With the election of a nice president in place of that nasty one, we’d all like to go back to ignoring the grimmer parts of the Empire, particularly since we’ve now got so many problems here at home. But Afghanistan in particular deserves ongoing attention, since that is where, in all probability, we’ll soon be sending more troops.
Most papers today cover the fate of Muntazer al-Zaidi, sentenced to three years’ jail in the new Iraq for throwing shoes at George Bush (the Biotic Baking Brigade would do well to say out of Baghdad). But there’s an Afghan equivalent that deserves equal coverage. A few days ago, a court upheld Parwiz Kambakhsh’s sentence of 20 years for blasphemy, after he wrote an article about the role of women in Islam.
“This is the tragic level of justice in Afghanistan today,” said his brother Ibrahimi in response.
“It is just a make-believe system of justice and humanitarianism. The reality is that the Afghan government and judiciary, although supported by the US, the UN, the EU and other democracies worldwide, is morally bankrupt.”
Such are the compromises the occupation requires, especially now the old goal of a democratic Afghanistan has been quietly shelved in favour of keeping the least worst warlord in power.
Thus the preparations for the coming surge include an expansion of Bagram air base, a facility you might recall from the time US army interrogators beat two Afghan men to death there in 2002. The New York Times provides a bleak account of the torture techniques in those particular cases, a description capped off with the suggestion that one of the dead man was entirely innocent, having been detained simply for driving his taxi past the American base at the wrong time.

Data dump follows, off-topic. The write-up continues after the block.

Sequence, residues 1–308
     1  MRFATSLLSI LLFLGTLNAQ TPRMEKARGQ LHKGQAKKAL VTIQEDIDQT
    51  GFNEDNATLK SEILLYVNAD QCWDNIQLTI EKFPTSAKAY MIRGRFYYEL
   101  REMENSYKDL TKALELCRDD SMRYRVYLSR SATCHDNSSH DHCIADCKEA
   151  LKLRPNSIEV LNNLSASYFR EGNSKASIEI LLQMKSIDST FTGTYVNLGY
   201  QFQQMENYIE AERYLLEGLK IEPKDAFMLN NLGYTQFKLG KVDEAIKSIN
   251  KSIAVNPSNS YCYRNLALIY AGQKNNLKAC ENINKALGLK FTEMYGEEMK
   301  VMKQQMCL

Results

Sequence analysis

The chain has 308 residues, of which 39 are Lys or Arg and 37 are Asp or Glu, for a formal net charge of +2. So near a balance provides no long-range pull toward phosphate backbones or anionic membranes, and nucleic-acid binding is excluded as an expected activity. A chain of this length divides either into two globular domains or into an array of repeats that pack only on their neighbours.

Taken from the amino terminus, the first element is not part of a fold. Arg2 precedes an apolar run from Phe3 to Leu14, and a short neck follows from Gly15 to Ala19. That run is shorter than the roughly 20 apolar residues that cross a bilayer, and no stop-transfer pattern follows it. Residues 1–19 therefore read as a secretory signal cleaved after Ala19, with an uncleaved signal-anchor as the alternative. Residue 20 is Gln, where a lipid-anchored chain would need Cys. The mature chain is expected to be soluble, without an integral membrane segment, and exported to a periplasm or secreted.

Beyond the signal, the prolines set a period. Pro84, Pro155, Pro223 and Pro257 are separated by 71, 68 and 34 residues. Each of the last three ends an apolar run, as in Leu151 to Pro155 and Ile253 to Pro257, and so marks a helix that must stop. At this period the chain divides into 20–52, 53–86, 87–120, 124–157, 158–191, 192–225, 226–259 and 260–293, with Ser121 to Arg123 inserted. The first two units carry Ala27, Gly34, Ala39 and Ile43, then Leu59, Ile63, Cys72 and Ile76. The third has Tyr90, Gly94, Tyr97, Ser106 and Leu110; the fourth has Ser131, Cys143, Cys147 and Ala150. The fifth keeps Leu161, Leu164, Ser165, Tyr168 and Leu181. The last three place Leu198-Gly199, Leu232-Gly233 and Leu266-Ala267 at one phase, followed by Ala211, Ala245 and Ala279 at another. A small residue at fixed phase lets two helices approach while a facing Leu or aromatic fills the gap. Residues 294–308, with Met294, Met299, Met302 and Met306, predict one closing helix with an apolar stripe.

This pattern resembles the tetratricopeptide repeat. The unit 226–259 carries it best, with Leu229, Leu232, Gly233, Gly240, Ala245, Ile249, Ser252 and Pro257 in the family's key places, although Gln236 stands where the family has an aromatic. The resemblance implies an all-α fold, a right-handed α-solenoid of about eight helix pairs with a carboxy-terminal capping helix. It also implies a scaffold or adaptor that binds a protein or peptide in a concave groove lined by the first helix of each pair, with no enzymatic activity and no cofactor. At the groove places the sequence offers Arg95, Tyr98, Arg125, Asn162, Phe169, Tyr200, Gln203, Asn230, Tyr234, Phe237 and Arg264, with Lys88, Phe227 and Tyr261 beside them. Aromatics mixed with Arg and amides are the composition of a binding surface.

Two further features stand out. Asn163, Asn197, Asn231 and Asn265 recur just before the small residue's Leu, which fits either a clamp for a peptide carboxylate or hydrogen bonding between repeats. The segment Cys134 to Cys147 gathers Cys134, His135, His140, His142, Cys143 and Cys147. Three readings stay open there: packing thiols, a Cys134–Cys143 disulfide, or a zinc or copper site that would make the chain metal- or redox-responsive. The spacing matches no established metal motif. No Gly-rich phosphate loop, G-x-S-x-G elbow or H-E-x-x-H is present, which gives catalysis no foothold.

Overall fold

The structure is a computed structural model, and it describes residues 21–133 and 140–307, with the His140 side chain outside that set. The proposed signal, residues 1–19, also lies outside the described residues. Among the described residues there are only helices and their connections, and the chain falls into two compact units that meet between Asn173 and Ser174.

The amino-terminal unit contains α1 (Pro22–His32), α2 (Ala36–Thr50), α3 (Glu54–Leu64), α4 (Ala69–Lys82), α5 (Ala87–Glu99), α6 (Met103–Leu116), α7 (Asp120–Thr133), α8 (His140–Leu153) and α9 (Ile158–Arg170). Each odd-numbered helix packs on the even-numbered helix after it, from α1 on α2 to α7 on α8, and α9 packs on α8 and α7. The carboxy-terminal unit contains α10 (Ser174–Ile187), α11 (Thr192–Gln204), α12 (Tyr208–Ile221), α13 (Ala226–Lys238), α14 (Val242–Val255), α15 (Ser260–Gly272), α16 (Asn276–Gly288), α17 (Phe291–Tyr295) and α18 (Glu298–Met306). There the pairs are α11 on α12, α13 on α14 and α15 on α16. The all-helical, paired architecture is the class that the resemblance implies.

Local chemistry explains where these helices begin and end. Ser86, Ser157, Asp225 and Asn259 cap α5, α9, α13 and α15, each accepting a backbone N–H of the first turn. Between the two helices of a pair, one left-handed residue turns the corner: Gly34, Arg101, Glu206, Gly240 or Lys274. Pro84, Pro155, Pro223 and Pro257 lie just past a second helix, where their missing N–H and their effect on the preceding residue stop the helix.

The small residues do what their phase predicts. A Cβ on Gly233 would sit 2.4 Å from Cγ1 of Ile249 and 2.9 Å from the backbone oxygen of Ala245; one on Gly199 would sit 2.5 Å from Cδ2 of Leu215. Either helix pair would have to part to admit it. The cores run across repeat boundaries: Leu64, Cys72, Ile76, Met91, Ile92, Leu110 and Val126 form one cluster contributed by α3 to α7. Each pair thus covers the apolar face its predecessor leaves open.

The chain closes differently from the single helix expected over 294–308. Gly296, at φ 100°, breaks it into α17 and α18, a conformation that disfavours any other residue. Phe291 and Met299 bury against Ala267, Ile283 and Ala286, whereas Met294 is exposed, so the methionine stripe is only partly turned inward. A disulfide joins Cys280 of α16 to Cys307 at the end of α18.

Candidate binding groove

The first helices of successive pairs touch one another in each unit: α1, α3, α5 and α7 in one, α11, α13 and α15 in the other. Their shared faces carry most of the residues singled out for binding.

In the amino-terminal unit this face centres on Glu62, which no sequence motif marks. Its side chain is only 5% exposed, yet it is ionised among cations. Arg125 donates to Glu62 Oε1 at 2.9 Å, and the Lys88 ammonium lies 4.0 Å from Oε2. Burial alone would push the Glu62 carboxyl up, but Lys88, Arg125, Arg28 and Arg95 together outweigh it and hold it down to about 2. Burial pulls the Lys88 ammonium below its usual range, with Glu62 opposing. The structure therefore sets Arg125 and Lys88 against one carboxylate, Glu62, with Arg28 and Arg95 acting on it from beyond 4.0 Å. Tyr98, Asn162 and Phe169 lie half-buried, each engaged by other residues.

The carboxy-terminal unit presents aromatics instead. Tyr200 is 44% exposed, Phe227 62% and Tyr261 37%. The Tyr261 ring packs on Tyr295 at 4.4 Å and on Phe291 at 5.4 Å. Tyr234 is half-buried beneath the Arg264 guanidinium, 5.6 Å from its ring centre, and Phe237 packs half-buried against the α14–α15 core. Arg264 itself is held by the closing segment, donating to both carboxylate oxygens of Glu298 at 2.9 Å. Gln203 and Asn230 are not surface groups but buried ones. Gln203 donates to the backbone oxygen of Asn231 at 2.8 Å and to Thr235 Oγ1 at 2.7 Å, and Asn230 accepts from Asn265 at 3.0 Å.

Some have called Bagram the other Guantanamo. But that’s a mistake: Guantanamo was always the other Bagram. As Salon has recently argued, it was at Bagram that both the harshest interrogation techniques, and their rhetorical justifications, were pioneered:
[W]e can say very little with precision or confidence about that prison facility or even the exact number of prisoners there. […] A federal judge recently asked for “the number of detainees held at Bagram Air Base; the number of Bagram detainees who were captured outside Afghanistan; and the number of Bagram detainees who are Afghan citizens,” but the information the Obama administration offered the court in response remains classified and redacted from the public record.
We don’t even know the exact size of the prison or much about the conditions there, although they have been described as more Spartan and far cruder than Guantánamo’s in its worst days. […] A confidential Red Cross report from 2008 supposedly highlighted overcrowding, the use of extreme isolation as a punishment technique, and various violations of the Geneva Convention.
[…] There are no figures available on how long most of Bagram’s prisoners have been held — although some, it seems, have been imprisoned without charges or recourse for years — or how legal processes are being applied there, if at all. Last spring, the International Herald Tribune reported that Afghans from Bagram were sometimes tried in Afghan criminal proceedings where little evidence and no witnesses were presented.
Most ordinary people who support the military intervention in Afghanistan do so less out of Cheneyesque infatuation with the Dark Side and more from an amorphous hope that extra Westerners will fix everything up.
But overwhelming military power coupled with a vague confidence in our benevolence doesn’t usually end up so well, as Graham Greene illustrated so well in his Vietnam novel The Quiet American. As epigram for that novel, he quoted Byron:
This is the patent age of new inventions
For killing bodies, and for saving souls,
All propagated with the best intentions.
As we wait upon the Rudd government’s response to the call for more Australian troops, it’s worth remembering that in Afghanistan, these new inventions are already being prepared, somewhere within the cells of an expanded Bagram air base.